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Philippine church backs Duterte's labor policy

President seeking to crackdown on contract hiring that denies employees basic workplace rights

Joe Torres, Manila

Joe Torres, Manila

Published: August 03, 2016 07:24 AM GMT

Updated: August 03, 2016 07:26 AM GMT

Philippine church backs Duterte's labor policy

Workers call for a wage increase during a protest rally in Manila. (Photo by Rene Sandajan)

Church officials in the Philippines have expressed support for President Duterte’s aggressive drive against "end of contract" schemes companies use to deny workers labor rights.

"[These companies] should be shut down because 'contractualization' is against the law," said Auxiliary Bishop Broderick Pabillo of Manila, head of the Episcopal Commission on the Laity of the bishops' conference.

The practice should be stopped because people need permanent work and decent pay, he said.

Duterte, who has been in office for just over a month, threatened to shut down companies that implement contractualization — the practice of hiring employees on only five month contracts to circumvent labor laws.

Filipino workers complain of living continuously with uncertain futures because many are hired under contracts that are not usually renewed after six months.

Under the contracts, companies hire workers through employment agencies and pay them the minimum wage or less without social benefits such as paid leave, health care, retirement or separation pay.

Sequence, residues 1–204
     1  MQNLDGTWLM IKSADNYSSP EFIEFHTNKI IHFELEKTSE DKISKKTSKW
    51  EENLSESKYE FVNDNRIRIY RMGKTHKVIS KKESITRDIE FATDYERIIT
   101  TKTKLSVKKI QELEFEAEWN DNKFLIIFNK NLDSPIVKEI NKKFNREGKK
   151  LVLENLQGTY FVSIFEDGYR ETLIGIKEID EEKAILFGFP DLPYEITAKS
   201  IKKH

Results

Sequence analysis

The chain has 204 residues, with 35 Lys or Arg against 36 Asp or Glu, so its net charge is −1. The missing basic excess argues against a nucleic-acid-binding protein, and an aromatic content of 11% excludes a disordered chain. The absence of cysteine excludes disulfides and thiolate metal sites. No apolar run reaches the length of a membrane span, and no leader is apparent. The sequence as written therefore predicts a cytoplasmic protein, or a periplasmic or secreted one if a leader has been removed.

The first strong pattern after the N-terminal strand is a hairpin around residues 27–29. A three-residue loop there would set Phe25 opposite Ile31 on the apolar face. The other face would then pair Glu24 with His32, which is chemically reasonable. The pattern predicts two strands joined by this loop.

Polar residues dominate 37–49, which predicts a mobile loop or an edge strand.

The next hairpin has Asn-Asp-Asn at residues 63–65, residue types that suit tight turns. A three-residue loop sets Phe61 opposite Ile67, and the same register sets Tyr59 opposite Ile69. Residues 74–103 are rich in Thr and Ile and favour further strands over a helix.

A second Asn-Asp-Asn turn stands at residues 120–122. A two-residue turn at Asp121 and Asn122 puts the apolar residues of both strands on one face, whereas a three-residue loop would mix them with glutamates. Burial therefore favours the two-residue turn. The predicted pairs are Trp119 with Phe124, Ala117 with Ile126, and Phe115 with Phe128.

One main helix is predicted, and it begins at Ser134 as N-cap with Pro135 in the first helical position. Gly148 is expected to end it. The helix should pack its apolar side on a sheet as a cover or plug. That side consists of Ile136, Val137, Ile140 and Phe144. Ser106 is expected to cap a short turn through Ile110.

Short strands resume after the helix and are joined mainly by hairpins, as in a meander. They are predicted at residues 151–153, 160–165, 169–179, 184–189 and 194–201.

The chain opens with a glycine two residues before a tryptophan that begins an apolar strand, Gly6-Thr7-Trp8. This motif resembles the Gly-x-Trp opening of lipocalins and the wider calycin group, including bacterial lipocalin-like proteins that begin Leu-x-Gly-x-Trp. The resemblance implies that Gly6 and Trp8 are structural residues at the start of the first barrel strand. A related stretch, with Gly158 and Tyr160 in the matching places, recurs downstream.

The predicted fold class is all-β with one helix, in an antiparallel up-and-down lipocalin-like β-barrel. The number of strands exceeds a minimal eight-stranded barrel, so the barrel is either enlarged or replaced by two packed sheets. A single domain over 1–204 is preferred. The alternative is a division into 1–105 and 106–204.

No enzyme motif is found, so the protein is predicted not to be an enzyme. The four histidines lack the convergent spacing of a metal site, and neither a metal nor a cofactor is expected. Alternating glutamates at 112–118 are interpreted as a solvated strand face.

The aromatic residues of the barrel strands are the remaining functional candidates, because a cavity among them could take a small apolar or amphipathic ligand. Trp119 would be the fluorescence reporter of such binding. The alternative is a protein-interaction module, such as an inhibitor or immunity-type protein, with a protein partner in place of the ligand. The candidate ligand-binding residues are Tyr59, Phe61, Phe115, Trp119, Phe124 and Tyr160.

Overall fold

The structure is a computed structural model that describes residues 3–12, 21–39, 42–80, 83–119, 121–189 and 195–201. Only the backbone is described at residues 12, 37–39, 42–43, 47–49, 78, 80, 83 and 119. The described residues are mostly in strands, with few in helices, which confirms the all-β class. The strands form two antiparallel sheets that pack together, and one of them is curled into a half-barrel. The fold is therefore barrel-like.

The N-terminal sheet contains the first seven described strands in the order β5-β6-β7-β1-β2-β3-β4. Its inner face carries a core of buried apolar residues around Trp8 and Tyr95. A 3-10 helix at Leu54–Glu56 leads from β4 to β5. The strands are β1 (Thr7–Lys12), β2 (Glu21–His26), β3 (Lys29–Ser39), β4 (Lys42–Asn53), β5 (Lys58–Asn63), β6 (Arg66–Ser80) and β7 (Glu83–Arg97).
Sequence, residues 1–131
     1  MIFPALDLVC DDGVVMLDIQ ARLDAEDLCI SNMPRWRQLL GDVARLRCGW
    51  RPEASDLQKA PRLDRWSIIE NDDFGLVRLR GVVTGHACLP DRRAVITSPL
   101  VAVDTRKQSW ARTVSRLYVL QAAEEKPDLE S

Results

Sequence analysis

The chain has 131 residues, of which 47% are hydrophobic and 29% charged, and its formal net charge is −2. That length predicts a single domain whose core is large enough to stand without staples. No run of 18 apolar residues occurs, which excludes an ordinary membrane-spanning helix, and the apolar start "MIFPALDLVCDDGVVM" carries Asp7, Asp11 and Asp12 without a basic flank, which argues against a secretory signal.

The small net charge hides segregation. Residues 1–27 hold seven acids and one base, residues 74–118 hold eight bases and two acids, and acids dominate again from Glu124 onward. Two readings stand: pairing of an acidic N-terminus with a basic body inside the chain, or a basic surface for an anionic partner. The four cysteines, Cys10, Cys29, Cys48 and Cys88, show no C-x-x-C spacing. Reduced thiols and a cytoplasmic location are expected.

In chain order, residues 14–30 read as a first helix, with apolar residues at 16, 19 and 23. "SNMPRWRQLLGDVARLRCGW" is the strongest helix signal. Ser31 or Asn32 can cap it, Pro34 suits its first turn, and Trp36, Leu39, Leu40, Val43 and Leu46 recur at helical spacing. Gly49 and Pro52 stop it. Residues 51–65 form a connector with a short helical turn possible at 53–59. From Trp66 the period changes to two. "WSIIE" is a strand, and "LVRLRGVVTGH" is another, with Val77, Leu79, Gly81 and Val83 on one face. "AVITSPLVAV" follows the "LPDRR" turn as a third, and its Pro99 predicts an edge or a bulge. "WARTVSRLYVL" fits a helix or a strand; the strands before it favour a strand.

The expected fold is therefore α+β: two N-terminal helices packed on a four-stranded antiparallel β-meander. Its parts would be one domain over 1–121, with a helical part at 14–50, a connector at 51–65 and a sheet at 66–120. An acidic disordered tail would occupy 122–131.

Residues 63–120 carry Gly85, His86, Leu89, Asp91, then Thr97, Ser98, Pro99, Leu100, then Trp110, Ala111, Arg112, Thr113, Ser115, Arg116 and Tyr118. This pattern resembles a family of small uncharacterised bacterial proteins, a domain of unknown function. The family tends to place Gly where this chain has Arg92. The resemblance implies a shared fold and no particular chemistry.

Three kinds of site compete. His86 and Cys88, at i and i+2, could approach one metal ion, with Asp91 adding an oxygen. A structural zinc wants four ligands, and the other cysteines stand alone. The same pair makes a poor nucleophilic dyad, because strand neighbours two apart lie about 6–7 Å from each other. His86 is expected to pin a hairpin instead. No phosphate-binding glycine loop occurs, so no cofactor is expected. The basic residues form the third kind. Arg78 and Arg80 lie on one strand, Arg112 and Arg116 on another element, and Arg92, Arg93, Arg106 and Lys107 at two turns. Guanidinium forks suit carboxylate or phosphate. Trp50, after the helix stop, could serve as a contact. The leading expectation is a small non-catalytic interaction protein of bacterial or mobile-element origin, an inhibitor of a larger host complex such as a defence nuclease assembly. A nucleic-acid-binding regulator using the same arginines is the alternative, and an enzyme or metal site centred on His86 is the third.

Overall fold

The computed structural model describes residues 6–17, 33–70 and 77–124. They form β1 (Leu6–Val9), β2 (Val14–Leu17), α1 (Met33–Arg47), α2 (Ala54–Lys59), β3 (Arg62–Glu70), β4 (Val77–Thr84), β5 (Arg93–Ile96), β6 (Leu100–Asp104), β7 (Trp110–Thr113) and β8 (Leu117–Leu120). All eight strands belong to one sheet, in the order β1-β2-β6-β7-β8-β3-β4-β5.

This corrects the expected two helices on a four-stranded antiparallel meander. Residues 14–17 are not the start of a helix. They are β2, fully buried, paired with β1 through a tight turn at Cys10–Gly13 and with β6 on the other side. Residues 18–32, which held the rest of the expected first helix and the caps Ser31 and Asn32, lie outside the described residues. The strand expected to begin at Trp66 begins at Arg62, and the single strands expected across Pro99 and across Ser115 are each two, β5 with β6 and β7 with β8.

When the contract expires, the worker becomes jobless and waits for the next contract or applies at another agency.

Another church official said "it's about time the government sided with the working class."

Father Jerome Secillano, executive secretary of the bishops’ public affairs office, said Duterte's campaign is "a significant departure from past practices that saw our government seemingly kowtow to rich oligarchs to the detriment of the working class."

"It's time that a sitting president looked after the welfare of our workers," said the priest.

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In June, the Church-Labor Conference, an organization of labor and church groups, came up with ten recommendations on how the government can address the problem of short-term contracts.

The group proposed conducting a nationwide labor consultation to thresh out employment schemes that violate labor laws; generate proposals to address violations; and establish mechanisms to encourage workers’ participation.

The organization also urged the government to deputize labor leaders to conduct inspections and provide reports on violations of labor laws and regulations.

The group said the use of temporary labor contracts is the "gravest threat to our workers’ right to security of tenure."

The government has vowed to end by next year the practice of "labor contractualization" through a more stringent enforcement of the labor code.

Duterte warned large businesses that they would lose their permits to operate if caught abusing labor laws.

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